In a recent online interview I had, I came across a good question (*). That was the question:
“How do you continue a sentence beginning with to die?”
I said, “To die/ death exists” (**).
I believe that it is not a problem to complete a sentence beginning with to die, but it is difficult to live with the consequences of not thinking long and hard about how to live a life having death in its tissue.
A lot of bighearted people wishing to support dying people and their families are getting in contact with me. When I remember my condition a few years ago and as much as I could sense from the conservations I had with these people, I think the task of “ being supportive” could have a romanticized aspect. For example, I used to think that dying people would make wise speeches as they are about to die or people assume that they will share from the heart by sitting near the dying people and having the honour of holding their hands in the last few hours.
This is far from reality. In fact, spending time with dying people and their families could be defined as a rather dull procedure. You just sit there. There is not much you could do. The dying person either doesn’t want to talk or doesn’t have the physical energy to do so or both. A long silence pervades the environment.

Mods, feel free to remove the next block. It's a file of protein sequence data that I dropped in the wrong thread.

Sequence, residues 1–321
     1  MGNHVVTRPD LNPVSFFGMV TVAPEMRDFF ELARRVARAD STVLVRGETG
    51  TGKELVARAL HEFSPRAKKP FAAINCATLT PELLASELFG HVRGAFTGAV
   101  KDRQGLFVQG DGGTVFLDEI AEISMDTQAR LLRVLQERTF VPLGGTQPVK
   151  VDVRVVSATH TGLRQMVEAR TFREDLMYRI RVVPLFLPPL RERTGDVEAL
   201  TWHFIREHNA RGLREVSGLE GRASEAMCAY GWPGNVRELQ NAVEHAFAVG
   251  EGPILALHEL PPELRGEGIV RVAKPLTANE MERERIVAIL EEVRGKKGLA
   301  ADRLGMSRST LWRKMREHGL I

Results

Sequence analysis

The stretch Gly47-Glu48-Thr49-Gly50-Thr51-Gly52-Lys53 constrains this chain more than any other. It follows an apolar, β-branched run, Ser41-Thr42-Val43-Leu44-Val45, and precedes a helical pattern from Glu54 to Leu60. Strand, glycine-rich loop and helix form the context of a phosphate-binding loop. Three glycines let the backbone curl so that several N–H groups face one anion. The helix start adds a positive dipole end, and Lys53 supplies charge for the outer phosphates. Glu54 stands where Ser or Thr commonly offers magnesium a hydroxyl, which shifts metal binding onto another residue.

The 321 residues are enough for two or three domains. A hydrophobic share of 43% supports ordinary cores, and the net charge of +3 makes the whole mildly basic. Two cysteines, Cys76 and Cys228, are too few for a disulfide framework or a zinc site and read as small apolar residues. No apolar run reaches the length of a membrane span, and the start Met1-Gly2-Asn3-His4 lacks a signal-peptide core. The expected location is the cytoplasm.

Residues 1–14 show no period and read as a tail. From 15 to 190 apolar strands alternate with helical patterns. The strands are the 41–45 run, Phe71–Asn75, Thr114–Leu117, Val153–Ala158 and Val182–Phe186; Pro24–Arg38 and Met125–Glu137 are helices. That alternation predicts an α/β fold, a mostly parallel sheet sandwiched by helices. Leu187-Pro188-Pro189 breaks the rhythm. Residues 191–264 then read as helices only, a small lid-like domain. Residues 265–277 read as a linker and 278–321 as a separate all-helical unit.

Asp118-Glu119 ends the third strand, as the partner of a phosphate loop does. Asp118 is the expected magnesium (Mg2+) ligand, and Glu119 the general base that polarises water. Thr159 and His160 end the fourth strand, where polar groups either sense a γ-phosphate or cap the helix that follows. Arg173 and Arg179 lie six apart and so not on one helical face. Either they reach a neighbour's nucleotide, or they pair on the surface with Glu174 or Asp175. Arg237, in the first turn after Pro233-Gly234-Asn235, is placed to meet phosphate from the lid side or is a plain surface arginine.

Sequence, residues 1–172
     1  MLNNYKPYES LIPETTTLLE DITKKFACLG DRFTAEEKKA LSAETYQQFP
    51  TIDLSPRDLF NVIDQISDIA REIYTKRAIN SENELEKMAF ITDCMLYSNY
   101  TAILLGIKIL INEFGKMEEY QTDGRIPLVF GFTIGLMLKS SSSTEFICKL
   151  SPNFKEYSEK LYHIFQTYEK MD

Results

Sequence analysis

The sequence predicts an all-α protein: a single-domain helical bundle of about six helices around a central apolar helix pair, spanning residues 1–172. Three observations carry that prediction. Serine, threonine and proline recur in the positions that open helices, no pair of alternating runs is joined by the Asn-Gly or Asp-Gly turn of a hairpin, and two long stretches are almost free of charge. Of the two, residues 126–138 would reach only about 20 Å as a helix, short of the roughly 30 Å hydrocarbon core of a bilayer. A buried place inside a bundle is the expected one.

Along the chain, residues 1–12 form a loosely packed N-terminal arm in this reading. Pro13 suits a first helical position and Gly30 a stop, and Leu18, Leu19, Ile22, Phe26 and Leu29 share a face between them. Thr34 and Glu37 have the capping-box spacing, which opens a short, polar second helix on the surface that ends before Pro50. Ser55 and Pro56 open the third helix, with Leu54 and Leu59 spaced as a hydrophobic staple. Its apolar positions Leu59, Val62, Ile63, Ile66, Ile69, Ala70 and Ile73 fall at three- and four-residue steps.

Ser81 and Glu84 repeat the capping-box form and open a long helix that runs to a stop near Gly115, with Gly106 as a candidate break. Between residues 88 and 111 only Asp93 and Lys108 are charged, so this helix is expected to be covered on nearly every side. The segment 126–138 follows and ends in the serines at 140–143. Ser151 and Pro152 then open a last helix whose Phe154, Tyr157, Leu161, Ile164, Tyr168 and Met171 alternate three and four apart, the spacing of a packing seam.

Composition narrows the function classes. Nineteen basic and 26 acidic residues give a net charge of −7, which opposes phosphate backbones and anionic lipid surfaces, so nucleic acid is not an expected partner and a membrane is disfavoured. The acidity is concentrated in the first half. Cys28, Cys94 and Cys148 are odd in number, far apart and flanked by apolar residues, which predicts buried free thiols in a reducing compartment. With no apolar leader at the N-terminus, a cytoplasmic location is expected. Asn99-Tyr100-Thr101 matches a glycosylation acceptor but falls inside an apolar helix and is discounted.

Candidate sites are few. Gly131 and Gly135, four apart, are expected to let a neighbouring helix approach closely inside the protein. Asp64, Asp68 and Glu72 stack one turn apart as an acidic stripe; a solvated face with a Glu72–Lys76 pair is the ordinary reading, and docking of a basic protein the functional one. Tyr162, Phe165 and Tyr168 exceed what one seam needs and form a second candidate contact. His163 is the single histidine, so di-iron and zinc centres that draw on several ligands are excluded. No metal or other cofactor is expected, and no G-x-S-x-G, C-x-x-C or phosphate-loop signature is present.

However, it is up to you what to do with this silence like what we choose to do when the hard times of life fall upon us.
To illustrate, letting the silence between the dying person and me touch me, or my intention of getting fully involved in the experience there in as much awareness as possible.
What I try to do while the silence touches me is not removing my boredom miraculously, or not getting bored, or by no means making the place more fun. Letting the silence touches me is to be determined to look at what silence does to me.
I go back to the topic.
To die/ death exists.
What does it do to you? What does living knowing this do to you?
Death is an invitation to meditate on what creating meaning in life is. In this pandemic period we are getting through, it is an invitation reminding us our accepting it.
I have read an article dear Elif Ledron wrote about Beirut (***). In one part of the article, she said: “The relatives of the lost seventeen thousand people in the war (Lebanese Civil War) came together and tried to trace their loved ones. They went to an MP. He asked them who remembered who had killed whom.”
It is necessary to accept the invitation as to die/ death exists.